The problems didn’t start when Lehman Brothers fell. Despite claiming the most recognizable athlete on the planet, the game of golf hasn’t exactly been roaring like a Tiger the last few years. Rounds and participation have been flat or down for some time. We’ve been hearing for years that for every woman who comes into the game, one leaves. And despite feel-good programs like The First Tee and the availability of child-sized golf clubs, I’m not convinced that a whole bunch of kids are taking up the game. (If we can’t get them to ride a bike, toss a ball around, or go for a walk—hell, if their only “sport” is Nintendo—then the next generation is not going to save the game.)

Don’t bother pulling the reports off the shelves, trotting out the experts, or bombarding me with MBA-speak from a cacophony of consultants. Where I’ve been playing, golf ’s numbers have been slipping for some time. For the past few years, the unpretentious little club I belong to has been asking us to bring in new blood while offering financial incentives to prospective members. We’re not alone.

And please don’t throw TV ratings at me. Although that’s one area where golf is healthy, we all know it’s a one-man show: And when Tiger’s not rattling the cage, the rest of the zoo doesn’t attract as many viewers.

So what’s the bright side of all this?

Well, in the short term, those of us who love golf should find it a lot easier, and less expensive, to play. Just about every other day there’s a story in a newspaper (remember those?) or online about courses offering unprecedented deals. The Sacramento Bee ran a story a few weeks ago about local private clubs cutting fees—including Catta Verdera, which slashed its initiation from $47,000 to $20,000 (and most of that could be deferred). In Naples, Florida, the ultra-luxe Tuscany Reserve golf community is offering a three-year trial membership for $35,000—refundable at the end of the test period. And the New York Times wrote that Glenwood Country Club in Old Bridge, New Jersey, about 40 miles from midtown Manhattan, is advertising initiation-free memberships on the radio and raffling off a membership online.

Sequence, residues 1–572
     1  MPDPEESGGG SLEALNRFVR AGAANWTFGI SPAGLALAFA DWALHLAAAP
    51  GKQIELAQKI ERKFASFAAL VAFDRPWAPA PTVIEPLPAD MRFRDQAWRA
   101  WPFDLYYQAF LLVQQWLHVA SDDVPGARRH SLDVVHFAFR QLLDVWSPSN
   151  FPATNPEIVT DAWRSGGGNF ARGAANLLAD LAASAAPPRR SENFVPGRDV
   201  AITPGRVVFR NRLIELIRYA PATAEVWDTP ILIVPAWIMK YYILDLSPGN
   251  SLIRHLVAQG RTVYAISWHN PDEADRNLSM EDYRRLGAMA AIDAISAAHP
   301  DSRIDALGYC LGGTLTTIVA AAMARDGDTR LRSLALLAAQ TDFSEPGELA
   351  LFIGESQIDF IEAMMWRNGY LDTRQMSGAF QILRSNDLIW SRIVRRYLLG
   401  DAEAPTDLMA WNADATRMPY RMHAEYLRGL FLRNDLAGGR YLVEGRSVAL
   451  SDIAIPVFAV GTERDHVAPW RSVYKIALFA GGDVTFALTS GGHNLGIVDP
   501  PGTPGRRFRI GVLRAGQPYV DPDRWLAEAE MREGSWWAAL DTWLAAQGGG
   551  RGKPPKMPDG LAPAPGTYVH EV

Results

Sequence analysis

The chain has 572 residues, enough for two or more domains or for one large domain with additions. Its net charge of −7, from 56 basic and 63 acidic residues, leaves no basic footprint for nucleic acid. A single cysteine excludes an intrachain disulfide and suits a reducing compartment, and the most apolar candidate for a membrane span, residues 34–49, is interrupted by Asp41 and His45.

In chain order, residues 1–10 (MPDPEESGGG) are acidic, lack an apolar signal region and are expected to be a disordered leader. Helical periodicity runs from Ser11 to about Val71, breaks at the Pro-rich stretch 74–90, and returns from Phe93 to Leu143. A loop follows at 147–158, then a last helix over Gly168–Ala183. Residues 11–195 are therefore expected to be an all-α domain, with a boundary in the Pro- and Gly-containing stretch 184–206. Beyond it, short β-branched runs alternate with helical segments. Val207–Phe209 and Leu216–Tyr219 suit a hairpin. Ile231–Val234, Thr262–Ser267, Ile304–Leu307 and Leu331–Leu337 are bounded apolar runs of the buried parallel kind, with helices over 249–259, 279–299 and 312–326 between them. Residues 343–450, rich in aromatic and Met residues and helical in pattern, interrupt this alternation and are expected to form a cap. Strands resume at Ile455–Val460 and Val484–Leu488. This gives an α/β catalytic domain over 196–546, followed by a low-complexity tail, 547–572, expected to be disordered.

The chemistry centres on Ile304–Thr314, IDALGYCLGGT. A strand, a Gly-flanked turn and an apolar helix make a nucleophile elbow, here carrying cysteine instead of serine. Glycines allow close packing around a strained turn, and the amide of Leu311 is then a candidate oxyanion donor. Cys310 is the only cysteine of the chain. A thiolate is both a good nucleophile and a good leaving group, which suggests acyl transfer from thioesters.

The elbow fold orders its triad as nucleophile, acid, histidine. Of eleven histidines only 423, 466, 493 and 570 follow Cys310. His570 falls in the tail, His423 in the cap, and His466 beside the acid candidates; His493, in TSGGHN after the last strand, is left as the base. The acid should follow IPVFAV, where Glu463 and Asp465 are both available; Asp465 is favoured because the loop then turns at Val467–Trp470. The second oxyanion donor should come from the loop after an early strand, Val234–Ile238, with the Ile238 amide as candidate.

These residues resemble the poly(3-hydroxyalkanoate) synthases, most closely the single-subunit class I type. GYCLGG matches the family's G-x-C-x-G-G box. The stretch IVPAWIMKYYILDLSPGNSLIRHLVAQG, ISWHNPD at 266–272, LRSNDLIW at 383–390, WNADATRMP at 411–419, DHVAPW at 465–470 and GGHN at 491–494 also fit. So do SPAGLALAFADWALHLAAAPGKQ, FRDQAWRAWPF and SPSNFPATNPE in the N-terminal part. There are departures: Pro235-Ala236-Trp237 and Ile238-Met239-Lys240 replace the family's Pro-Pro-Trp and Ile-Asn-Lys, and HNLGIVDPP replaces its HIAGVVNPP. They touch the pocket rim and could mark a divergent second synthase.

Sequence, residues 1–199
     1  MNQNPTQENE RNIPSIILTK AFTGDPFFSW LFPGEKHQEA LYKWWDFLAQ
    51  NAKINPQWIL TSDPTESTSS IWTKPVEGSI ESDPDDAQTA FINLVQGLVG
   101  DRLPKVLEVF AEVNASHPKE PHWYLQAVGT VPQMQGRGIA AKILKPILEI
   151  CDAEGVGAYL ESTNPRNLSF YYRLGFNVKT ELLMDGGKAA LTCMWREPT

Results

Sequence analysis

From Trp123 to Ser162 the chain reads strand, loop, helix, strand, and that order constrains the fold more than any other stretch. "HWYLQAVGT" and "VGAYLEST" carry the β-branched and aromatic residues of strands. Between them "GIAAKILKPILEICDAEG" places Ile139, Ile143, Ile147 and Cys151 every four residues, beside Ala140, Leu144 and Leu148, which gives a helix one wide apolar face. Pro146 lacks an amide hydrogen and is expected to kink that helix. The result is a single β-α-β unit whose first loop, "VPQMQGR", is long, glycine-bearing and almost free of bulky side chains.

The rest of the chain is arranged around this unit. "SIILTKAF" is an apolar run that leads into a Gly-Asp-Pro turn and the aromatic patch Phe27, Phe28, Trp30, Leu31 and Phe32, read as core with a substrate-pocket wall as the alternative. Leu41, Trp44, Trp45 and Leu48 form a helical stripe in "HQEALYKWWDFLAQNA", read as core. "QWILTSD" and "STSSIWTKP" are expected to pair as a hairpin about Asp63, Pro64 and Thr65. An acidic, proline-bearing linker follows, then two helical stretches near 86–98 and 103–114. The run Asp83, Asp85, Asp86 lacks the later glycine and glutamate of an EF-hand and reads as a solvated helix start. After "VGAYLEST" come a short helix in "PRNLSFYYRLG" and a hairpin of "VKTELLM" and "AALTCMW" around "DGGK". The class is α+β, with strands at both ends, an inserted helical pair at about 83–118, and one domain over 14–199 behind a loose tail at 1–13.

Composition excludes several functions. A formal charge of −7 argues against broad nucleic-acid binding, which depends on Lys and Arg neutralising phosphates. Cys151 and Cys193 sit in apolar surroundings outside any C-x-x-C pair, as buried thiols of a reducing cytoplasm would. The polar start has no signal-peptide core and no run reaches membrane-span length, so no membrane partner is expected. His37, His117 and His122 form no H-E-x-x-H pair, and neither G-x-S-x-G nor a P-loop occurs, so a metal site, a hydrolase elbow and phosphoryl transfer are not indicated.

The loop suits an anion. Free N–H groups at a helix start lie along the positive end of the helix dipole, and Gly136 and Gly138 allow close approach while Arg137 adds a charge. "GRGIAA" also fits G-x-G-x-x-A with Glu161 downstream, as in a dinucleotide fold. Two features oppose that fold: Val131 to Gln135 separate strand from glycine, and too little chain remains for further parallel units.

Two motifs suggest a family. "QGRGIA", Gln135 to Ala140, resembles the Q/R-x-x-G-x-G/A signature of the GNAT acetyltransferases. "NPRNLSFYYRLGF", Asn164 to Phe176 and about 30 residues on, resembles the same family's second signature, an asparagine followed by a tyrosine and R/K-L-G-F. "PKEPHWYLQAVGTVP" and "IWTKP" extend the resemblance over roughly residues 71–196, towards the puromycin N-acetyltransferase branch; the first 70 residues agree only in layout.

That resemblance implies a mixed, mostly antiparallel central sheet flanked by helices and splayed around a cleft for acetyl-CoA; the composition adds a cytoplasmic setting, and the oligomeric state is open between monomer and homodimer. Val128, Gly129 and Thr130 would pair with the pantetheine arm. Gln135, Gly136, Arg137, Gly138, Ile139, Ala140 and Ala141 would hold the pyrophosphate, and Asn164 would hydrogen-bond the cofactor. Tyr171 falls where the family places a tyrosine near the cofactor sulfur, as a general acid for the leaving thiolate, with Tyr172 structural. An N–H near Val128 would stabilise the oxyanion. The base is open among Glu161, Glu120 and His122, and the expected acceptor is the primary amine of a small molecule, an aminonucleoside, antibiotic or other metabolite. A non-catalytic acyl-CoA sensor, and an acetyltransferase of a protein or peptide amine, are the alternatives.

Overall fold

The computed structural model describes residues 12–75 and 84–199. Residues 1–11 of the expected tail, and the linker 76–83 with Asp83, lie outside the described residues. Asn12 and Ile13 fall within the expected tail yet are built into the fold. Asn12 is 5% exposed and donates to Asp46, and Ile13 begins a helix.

Resorts are putting together very affordable packages as well, and we can expect more if others want to avoid the fate of the famed Greenbrier resort, in West Virginia, which recently declared bankruptcy and was sold to Marriott. On the retail side, last year’s woods, irons and putters are already on sale—as are some of this year’s. Meanwhile clubs that depend on catering revenue are cutting costs for hospitality, so this might be a good year to throw that wedding or bar mitzvah; at least take some friends out to dinner—on you! Perhaps best of all, the courses should be wide open. No crowds. No playing behind foursomes thinking they’re putting for the U.S. Open trophy on every green. No blaming the eight-hour round for keeping you from mowing the lawn.

When the madness ends (and it will, eventually), golf could be affected almost as momentously as the mortgage-lending and automobile manufacturing industries. But admit it, there’s a little perverse glee in watching the comeuppance of the Wall Street types who brought their masters-of-the-universe attitude to golf. Even if you’d never pay it, there’s something obscene about a $750,000 initiation fee, no matter how good or private the club is.

Although golf equipment has never been better, lately it seems as if there’s something new to lust after every few months, if not weeks. I’m certainly not hoping that the economic tsunami tosses manufacturers against the rocks, but maybe a business climate that’s less obsessed with short-term profit would result in more regard for the average golfer who can’t or doesn’t want to pony up $500 for a new driver or $900 for a set of irons every fiscal year.

Certainly, nothing would be better for the game, and for the earth, than if we all took a good look at course maintenance. Owners could save a bundle if they changed their habits. Augusta National should not be the model, either economically or environmentally. Some superintendents and architects have already taken the lead, making courses safer with saner uses of land. Now we golfers have to learn to enjoy a little hardpan and a lighter shade of green (or brown). It seems to work pretty well in Britain.

In fact, we all must bear some implication for the mess golf has gotten itself into. And a good smack upside our collective heads wouldn’t be a bad thing for the game and those of us who play it. But is it too late? Will we still be playing when the Dow Jones stops being the Down Jones? And if 2009 is already done, will golf survive to see 2010?

As others have noted, it survived the Great Depression. Golf even grew in those years of high unemployment and low consumer confidence thanks to the federal dollars and government-funded labor that built courses like Bethpage Black, site of this year’s U.S. Open. And, lest we forget, the stressful and troubled 1930s and ‘40s were followed by the placid ‘50s, which was a very good time for the game. That decade featured Hogan, Snead and Zaharias, and introduced us to two young men named Palmer and Nicklaus.

Back then, the game was also helped immeasurably by a president who openly loved it. While no one expects there will ever be an Obama Cabin at Augusta National, our young, vibrant president enjoys his rounds: As a man of color and youth, he could have a tremendous effect on golf ’s appeal.

I’m not saying it’s all going to happen. But golf could come out of this mess with a more sustainable and accessible future ahead of it. And from where I’m sitting, that’s just what it’s needed for some time.